I just don't know if there can be a world without war, if even our country can be without war. I don't think the war in Afghanistan is winnable, partly because, of course, there is no such country! That is, not like there is a United States, or England, or Russia. The area of land we call Afghanistan is not one unified country agreed upon by its citizens, first of all. Like much of that area and the Middle East, it is made up of artificial borders drawn by European colonial powers in the 19th and 20th century that have now been also influenced by the "oil-igarchies" of the world. which make up a kind of government of their own. And let's mix in the drug trade as well with a dash of radical fundamentalist Islamic terrorists, which is not the same thing as simply being moslems. And then add warlords who rule territory by ancient law and culture that are from such a different reality that they might as well be from a different world, which in many ways they are! We might as well be fighting Martians! There must be another way out of this conflict in Afghanistan than through our military intervention in an area that has never been successfully controlled by foreign military intervention! I don't pretend to know what it is! But we must find a peaceful solution before the nuclear intervention is brought to bear in some fashion by some power! I do think that the oil-irgarchy will have something to do with the solution and that our dependence on that area for our oil is driving much of the problem. Yet the tragedy of the BP oil spill shows us the danger of taking the oil from our own shores! Obviously, it seems that safety standards weren't followed, as in the recent mine explosions, and that once again it seems like profits were put ahead of human life. Religiously one seems called here to action. That all religions should be working together for peace and human compassion over profit and war, but, of course, that's always a matter of interpretation. On this Memorial Day we want to mix peace with patriotism, to work towards peace while honoring those who have given their lives for the freedom we celebrate in this country, and for the love of this country. That's why I put that quote on the front of the service about my country, right or wrong-. After the Spanish American War, one of those very suspicious imperialistic wars, Sen. Carl Schurz, in a speech delivered at the Anti-Imperialistic Conference, Chicago, Illinois, October 17, 1899: 'I confidently trust that the American people will prove themselves too wise not to detect the false pride or the dangerous ambitions or the selfish schemes which so often hide themselves under that deceptive cry of mock patriotism: Our country, right or wrong! Our country, when right to be kept right; when wrong to be put right.' That's the kind of peaceful patriotism I'm talking about. That Memorial Day become a day of Peace protests against war rather than a celebration of war the way it now seems, but it's difficult, isn't it, to try to honor and remember those who have fallen in service to our country without glorifying the wars themselves. In his book, Credo, Rev. William Sloane Coffin, well known UCC peace activist minister, once pastor of the famous progressive Riverside Church in NYC wrote: 'Historian Will Durant estimated that in all of human history only 29 years can be described as free of war. And of all centuries, the one just past set records for bloodletting... It is consoling, of course, to view ourselves as models of rectitude and even more so as to misunderstanding of models of rectitude. But simple honesty compels us to see that we are as other nations are. The trouble with saying, 'The only thing that the other side understands is force,' is that you have to behave as if the only thing you understand is force''. I worry about Memorial Day because I think the parades and the glorification encourage war and certainly encourage the military. And I know we must defend ourselves, so I'm in a quandary as are many liberals, where I worry that building up our military is necessary to defend ourselves but also is a temptation TO our military not to let all that hardware go to waste! In the introduction: War is a Force That Gives Us Meaning, NY Times war correspondent, Chris Hedges writes: 'I learned early on that war forms its own culture. The rush of battle is a potent and often lethal addiction, for war is a drug, one I ingested for many years. It is peddled by myth makers-historians, war correspondents, filmmakers, novelists, and the state-all of whom endow it with qualities it often does possess: excitement, exoticism, power, chances to rise above our small stations in life, and a bizarre and fantastic universe that has grotesque and dark beauty. It dominates culture, distorts memory, corrupts language, and infects everything around it, even humor, which becomes preoccupied with the grim perversion of smut and death. Fundamental questions about the meaning, or meaninglessness, of our place on the planet are laid bare when we watch those around us sink to their lowest depths. War exposes the capacity for evil that lurks not far below the surface within all of us. And this is why for many war is hard to discuss once it is over. The enduring attraction of war is this: Even with its destruction and carnage it can give us what we long for in life. It can give us purpose, meaning, and a reason for living. ...war is an enticing elixir. It gives us resolve, a cause. It allows us to be noble. And for those who have the least meaning in their lives, the impoverished refugees in Gaza, the disenfranchised North African Immigrants in France, even the legions who live in splendid indolence and safety of the industrialized world are as susceptible to war's appeal.'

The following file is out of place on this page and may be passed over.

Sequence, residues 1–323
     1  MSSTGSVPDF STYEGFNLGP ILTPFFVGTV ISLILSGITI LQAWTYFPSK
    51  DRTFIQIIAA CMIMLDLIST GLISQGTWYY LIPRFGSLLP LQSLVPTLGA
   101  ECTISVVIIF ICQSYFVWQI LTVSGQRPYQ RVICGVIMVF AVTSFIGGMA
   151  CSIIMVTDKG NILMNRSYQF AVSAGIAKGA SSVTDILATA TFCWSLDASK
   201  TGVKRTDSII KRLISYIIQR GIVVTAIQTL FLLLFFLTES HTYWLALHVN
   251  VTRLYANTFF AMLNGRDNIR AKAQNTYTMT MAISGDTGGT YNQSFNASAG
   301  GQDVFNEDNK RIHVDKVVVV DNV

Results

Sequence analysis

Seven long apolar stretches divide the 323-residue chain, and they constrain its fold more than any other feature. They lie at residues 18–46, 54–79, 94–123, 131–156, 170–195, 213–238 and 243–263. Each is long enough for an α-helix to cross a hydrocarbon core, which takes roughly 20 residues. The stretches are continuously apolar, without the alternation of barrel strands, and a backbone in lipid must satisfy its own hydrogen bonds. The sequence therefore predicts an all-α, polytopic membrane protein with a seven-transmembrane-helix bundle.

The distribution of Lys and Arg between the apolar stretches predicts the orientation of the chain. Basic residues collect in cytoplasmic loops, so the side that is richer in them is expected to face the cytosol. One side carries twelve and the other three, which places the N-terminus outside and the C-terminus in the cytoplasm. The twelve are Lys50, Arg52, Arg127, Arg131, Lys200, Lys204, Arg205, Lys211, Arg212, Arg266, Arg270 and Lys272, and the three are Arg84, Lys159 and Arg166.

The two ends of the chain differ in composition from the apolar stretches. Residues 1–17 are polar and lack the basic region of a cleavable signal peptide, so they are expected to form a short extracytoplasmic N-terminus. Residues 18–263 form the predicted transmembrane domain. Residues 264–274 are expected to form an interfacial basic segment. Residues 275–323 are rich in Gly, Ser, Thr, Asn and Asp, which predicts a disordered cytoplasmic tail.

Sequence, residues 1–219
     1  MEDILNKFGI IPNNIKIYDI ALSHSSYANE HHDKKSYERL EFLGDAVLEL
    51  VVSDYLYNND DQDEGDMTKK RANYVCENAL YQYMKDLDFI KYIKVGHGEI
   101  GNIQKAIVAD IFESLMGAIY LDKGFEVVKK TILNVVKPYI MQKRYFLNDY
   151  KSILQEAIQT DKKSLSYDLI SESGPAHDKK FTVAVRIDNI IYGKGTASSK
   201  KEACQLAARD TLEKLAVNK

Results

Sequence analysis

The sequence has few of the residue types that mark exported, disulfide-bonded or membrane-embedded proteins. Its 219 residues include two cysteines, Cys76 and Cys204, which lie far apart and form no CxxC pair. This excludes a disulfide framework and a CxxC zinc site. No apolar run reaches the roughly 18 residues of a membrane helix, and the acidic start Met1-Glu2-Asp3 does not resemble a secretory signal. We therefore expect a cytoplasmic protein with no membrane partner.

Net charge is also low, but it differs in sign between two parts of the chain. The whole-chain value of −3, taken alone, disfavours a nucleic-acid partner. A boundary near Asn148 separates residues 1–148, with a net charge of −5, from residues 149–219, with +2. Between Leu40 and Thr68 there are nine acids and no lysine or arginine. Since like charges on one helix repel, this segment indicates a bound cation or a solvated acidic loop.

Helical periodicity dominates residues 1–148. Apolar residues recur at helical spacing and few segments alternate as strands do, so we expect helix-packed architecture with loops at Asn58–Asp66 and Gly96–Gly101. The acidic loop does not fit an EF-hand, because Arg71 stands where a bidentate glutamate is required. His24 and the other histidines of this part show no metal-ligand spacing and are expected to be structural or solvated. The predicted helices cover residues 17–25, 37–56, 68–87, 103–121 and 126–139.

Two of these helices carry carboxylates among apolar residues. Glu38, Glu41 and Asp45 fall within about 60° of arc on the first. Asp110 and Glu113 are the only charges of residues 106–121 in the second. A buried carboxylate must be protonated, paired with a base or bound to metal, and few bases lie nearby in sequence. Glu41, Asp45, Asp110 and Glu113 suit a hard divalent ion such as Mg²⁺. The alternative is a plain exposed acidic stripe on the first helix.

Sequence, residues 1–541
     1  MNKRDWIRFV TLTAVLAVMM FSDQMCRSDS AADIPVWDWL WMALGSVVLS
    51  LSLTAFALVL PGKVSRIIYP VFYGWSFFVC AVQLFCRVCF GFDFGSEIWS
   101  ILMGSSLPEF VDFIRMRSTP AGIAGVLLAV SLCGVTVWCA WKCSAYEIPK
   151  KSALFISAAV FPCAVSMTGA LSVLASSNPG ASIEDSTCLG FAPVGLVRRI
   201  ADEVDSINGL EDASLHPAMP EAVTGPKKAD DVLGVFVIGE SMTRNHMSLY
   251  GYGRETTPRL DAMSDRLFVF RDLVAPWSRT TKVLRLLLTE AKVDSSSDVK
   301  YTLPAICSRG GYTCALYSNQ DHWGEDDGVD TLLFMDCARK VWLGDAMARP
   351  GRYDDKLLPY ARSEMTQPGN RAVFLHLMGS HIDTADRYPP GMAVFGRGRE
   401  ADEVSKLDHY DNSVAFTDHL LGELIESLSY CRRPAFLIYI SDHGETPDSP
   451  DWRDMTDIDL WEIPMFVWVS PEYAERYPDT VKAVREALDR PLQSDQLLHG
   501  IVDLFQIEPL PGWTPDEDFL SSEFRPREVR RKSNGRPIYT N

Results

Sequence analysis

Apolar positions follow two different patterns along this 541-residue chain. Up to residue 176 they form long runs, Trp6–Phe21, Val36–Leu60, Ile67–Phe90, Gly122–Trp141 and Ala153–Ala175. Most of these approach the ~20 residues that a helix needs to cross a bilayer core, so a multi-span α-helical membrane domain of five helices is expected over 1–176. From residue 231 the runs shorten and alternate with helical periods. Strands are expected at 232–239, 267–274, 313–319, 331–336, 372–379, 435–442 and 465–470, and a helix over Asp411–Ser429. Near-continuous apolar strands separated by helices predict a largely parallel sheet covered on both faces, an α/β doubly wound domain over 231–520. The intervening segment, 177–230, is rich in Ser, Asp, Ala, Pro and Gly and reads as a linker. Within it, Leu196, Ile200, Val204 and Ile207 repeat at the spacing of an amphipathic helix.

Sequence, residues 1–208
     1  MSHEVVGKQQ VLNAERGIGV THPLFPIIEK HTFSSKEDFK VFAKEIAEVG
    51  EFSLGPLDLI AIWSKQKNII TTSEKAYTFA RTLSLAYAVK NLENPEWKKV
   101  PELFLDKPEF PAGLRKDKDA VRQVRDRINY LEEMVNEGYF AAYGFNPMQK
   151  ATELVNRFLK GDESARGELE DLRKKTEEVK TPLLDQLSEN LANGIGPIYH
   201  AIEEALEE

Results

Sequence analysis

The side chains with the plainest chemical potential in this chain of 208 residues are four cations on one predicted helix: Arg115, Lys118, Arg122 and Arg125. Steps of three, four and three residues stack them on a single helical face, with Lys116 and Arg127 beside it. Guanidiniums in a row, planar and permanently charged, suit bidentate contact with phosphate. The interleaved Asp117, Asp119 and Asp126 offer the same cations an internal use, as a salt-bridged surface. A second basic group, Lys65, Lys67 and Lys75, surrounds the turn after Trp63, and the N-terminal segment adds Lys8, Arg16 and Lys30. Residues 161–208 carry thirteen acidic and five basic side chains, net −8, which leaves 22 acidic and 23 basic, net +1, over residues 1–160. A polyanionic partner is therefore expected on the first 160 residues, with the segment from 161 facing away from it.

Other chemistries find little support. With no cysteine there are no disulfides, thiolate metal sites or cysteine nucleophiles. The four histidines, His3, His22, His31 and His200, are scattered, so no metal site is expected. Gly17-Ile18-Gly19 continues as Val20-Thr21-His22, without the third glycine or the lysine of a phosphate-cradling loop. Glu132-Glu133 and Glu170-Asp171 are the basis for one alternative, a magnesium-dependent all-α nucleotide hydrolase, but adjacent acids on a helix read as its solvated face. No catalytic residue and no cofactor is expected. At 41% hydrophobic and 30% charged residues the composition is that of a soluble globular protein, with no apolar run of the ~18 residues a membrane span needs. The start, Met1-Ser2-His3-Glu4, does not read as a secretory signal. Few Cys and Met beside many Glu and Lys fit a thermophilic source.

Memorial Day Prayer 2007